Although tech recruiters and hiring managers understand the need to find and hire talented developers, it’s not uncommon for both sides to clash throughout the interview process. In some cases, a recruiter grows frustrated when the candidates he or she has sourced consistently get rejected. In others, the recruiter and technical hiring manager simply are not aligned on their approaches to hiring developers. While there’s no silver bullet solution to build positive relationships with technical hiring managers, here are a few things you can do to make things easier on everyone when you’re recruiting and interviewing developers.
When you find a great developer, you'll probably want to fight for them along the way. That's an admirable quality, especially when you have evidence that he or she would be a great addition. But until the offer letter goes out, be careful not to oversell candidates and influence your engineering managers too much.
Our CEO Joel Spolsky once wrote about a recruiter who told him that he’d love a candidate right before he was scheduled to meet a developer candidate. He continued by saying, “Boy did this make me mad. What I should have said was, ‘Well, if you’re so sure I’m going to love him, why don’t you just hire him instead of wasting my time going through this interview.’” Sure, it’s your job to keep detailed notes about each candidate throughout the interview process, but give your hiring managers the space they need to make the final decision..
Developers are in high demand, andthere will be times when your inbox isn’t exactly overflowing with applications for your open positions. An empty inbox might seem like the worst case scenario. You could stay silent about the state of your pipeline, but you won't do yourself or your hiring managers any favors. if you’re anything like me, it’s probably kept you up late at night on a few occasions.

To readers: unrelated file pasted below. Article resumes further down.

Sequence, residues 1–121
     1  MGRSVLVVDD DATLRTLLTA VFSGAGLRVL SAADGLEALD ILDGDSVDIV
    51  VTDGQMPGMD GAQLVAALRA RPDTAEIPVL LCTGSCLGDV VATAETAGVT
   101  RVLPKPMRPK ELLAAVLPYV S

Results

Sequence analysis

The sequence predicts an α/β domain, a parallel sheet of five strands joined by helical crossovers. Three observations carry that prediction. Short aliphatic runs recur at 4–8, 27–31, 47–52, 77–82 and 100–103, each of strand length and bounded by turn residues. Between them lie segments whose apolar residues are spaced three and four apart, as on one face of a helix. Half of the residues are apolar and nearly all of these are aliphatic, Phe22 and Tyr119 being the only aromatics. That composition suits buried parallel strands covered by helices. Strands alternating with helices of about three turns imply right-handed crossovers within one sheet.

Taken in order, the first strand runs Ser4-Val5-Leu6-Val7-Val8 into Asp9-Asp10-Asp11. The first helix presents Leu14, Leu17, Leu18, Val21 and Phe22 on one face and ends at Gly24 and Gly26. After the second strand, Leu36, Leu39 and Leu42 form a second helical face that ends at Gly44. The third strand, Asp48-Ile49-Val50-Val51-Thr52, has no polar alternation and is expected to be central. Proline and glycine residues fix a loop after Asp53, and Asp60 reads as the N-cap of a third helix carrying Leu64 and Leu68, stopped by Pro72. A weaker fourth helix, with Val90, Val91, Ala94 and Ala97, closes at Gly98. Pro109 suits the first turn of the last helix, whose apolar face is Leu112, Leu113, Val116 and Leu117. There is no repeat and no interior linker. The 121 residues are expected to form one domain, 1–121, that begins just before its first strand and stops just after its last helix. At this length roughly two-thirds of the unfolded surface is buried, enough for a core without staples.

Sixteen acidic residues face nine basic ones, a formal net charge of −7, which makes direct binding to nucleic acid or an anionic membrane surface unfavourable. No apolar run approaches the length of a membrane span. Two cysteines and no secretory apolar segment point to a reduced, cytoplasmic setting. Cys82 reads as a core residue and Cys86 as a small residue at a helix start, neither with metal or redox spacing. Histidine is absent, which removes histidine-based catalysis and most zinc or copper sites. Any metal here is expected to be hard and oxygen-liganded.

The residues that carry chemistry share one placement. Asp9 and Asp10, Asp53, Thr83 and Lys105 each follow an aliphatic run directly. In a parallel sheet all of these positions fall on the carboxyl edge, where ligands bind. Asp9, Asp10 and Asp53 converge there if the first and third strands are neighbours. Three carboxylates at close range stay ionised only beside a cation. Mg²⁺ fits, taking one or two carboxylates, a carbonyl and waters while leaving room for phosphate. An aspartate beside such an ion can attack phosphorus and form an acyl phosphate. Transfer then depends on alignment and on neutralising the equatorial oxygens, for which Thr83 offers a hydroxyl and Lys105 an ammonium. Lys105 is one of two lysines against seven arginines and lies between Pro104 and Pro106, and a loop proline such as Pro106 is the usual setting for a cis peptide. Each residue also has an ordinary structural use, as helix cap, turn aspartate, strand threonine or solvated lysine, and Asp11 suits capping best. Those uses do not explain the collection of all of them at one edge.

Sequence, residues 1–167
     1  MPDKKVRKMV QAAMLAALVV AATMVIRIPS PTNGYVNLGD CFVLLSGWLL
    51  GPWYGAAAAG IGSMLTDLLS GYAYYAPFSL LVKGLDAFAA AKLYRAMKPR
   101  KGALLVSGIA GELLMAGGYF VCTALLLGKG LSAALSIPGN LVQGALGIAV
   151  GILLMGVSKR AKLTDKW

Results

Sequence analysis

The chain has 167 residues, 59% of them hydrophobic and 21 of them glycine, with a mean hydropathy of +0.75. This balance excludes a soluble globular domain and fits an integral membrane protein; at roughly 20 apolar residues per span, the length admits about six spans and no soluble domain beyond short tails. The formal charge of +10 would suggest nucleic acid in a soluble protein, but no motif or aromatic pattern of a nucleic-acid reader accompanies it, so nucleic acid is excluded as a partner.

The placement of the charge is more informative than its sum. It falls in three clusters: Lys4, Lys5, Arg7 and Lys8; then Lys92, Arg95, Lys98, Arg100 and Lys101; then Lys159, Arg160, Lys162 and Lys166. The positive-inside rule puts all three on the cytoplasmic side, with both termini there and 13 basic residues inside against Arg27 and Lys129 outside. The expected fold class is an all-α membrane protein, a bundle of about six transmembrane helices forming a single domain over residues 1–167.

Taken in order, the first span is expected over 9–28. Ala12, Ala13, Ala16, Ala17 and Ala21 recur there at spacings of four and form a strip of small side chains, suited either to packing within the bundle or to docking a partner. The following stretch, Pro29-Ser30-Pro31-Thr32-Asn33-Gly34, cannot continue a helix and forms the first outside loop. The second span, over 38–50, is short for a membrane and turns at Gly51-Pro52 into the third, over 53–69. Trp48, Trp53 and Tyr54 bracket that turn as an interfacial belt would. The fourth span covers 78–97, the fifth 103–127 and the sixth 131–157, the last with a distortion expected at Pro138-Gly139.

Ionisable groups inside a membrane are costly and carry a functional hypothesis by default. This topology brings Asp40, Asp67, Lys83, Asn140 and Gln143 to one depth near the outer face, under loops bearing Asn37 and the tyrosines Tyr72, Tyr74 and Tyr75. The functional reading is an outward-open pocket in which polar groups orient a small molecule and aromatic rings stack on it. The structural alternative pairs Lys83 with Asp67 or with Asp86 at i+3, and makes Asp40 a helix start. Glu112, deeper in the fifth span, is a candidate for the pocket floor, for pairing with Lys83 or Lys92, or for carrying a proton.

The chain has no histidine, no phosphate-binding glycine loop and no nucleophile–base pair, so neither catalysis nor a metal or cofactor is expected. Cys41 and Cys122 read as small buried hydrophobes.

Instead, over-communicate with hiring managers, no matter how dire things might seem. They probably won't be thrilled, but they’ll still want to review the handful of candidates who have submitted applications. These conversations are never fun, but a discussion with a hiring manager who’s in the dark is much more uncomfortable.
The engineering team’s job is to evaluate the candidate’s ability, and it’s your job to ensure that he or she has a positive experience with your company. Your tech team can (and should) be an active participant in providing a positive candidate experience, but it’s your job to ensure that each developer has what he or she needs at each stage of the interview process. If you’re consistently able to create a best-in-class candidate experience, developers will take notice—and hiring managers will see that you’re doing everything in your power to sell your company to the candidates they want to hire.